I see both sides, but would err on the side of follow the directions you're given. Possibly include some comments describing how you would deal the cards and mentioning that you think it would be fairly trivial to add, so you would have talked to your lead/manager about adding it from the get go. Or implement it with a comment that you would have asked before going outside the spec, but assume the manager would have given their ok, so you built it.

2. Your shuffle test doesn't actually confirm that the deck was shuffled, just that it still exists at the same size. I want to see that the deck isn't in the same order, and that when I shuffle the original deck again, I get a new, third order. I want the UT to make sure the shuffle is at least pseudo-random.

3. The very first thing I noticed was your second line of code in Cards.ts. Cards do not have suites, they have suits. Some hiring managers might have immediately stopped looking. Misspelling variables is a maintenance nightmare.

4. Some of your comments have typos, are missing words, or use the wrong word ("help us chose" should be "help us choose")

Another nitpick, however, this is a job interview. This is your best foot forward. If you're moving to fast and missing details during the interview stage, why wouldn't you make more mistakes once we hire you?

5. The first time you use .slice(0), you have no comment, but the second time, you do. I suspect you wrote the second instance first along with the comment, but the first instance should have had the comment (if not each instance).

I liked that your CardDeckFactory was extensible to not just a hard coded standard 52 card deck, but could work with Pincochle, Eucher, or other non-standard decks.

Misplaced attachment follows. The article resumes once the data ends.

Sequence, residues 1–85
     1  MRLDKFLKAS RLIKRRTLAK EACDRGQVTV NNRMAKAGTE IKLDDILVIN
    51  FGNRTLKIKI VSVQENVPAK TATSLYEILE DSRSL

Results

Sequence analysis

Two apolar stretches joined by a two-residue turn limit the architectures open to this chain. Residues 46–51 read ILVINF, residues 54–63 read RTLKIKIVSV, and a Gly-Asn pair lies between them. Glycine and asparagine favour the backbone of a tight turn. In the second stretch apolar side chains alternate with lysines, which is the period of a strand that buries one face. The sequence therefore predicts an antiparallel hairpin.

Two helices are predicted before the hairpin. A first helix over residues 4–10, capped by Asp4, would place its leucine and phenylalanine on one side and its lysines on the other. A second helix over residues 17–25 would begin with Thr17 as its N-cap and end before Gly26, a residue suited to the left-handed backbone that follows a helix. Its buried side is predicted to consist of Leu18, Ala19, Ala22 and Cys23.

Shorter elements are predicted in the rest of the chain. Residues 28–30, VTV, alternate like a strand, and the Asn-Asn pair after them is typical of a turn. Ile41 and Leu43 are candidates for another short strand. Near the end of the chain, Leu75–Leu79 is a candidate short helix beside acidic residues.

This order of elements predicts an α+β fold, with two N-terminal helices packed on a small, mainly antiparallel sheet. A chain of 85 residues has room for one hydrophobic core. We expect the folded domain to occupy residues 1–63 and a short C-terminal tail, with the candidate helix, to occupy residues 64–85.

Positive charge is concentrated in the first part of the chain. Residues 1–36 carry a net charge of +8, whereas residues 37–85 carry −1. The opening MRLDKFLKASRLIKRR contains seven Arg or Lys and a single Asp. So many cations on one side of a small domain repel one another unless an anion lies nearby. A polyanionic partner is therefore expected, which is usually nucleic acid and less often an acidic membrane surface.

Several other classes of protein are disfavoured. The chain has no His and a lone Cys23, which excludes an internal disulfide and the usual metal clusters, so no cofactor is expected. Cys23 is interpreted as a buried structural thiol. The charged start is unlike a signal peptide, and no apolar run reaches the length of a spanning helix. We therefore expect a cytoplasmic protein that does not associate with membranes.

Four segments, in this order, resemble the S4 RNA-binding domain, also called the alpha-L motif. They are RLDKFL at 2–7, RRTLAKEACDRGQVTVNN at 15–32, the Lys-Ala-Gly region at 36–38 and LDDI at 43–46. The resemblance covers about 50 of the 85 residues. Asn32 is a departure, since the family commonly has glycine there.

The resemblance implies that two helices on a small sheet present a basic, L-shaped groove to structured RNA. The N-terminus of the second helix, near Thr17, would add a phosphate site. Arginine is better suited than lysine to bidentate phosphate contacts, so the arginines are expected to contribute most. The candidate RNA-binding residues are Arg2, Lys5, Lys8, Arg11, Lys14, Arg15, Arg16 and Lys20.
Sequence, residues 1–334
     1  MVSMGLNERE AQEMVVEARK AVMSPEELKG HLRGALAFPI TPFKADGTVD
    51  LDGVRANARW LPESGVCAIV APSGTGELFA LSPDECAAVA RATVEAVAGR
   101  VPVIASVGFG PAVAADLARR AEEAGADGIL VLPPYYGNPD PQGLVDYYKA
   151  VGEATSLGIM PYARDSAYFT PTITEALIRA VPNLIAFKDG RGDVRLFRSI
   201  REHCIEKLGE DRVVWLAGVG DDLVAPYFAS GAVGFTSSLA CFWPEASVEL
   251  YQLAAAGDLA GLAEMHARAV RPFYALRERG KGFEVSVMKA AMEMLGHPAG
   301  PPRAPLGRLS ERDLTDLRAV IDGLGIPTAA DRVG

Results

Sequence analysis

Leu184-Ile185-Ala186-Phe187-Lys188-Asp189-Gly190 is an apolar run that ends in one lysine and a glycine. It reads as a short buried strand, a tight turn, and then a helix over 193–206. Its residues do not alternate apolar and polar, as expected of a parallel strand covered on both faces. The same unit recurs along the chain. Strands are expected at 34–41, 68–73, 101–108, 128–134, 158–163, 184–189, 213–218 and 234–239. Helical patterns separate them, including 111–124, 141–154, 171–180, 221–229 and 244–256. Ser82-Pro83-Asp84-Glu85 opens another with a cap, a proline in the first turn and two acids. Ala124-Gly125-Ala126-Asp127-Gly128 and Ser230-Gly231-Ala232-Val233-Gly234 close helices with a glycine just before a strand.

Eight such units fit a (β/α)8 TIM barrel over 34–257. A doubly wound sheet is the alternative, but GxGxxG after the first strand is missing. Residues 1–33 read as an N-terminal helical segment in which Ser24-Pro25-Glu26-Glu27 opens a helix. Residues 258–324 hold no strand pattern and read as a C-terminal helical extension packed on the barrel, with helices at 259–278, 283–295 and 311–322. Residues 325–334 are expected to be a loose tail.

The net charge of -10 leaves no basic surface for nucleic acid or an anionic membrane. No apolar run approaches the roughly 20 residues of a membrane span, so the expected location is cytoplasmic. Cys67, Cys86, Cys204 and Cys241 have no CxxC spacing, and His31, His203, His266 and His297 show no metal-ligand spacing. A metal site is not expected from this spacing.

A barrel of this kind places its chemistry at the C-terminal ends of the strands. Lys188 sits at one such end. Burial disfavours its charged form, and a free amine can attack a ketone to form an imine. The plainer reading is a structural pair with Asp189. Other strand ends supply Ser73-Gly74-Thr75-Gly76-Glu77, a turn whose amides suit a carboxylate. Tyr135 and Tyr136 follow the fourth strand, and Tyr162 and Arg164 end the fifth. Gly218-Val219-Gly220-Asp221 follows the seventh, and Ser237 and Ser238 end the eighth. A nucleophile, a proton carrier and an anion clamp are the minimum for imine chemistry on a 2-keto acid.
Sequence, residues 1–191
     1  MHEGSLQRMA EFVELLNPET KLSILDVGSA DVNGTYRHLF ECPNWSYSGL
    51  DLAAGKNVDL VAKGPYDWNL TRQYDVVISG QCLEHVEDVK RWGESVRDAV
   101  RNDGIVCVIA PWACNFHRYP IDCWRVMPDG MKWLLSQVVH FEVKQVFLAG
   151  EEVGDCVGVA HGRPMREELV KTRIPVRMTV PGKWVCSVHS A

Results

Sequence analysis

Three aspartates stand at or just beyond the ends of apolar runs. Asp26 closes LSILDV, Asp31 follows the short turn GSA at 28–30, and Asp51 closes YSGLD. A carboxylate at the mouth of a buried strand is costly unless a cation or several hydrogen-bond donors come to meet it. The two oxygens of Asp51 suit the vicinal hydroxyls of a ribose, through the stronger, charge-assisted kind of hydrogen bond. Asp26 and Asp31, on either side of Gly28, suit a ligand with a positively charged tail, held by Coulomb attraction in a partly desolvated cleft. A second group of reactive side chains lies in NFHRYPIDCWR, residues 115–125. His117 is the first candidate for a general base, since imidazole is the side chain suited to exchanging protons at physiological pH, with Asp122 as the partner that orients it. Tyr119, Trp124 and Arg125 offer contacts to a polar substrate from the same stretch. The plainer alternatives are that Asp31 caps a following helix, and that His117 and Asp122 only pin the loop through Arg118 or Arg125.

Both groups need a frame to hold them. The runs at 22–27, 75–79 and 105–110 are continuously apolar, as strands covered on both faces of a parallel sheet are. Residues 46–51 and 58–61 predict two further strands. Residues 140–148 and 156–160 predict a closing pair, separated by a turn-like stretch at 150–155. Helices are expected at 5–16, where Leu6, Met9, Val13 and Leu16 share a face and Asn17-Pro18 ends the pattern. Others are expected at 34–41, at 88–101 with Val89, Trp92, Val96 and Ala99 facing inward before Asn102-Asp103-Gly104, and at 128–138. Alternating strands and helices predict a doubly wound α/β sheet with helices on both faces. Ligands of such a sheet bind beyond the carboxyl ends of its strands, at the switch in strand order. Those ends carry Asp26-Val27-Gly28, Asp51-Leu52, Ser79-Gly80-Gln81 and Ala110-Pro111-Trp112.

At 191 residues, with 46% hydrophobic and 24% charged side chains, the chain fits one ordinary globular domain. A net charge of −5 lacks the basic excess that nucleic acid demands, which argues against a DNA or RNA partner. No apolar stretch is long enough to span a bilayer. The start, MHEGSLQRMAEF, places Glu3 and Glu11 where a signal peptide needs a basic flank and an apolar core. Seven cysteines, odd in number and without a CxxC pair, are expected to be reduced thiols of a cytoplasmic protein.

I liked that you had the capacity for different shuffle algorithms.

Your code was generally clean, clear and easy to follow.

I like a number of your comments, particularly the longer, more descriptive ones. As someone unfamiliar with TypeScript, I appreciated the comment in the Unit Test about mocking. I also liked your comment about using a Generator. I hadn't seen that before, so it indicates to me that you have a pretty decent depth of understanding.

Others may have more technical reviews.

For what it's worth, if HR handed me the question and answer, I would give my thumbs up for a follow-on interview. In that follow-on, I would ask some questions around issue #1 to better understand why you went off spec.

Every interviewer is going to key off of different things. Joseph The Dreamer's answer is likely correct in that you went too complex (though I think his answer likely goes too simple to the point of, again, disregarding the directions).

A good thing to keep in mind, especially if this is prior to a phone interview, the person reviewing this thing probably reviews dozens of them daily. Keeping it short, sweet and to the point is probably a good thing. There may be folks who see a couple hundred lines of code and would immediately reject you.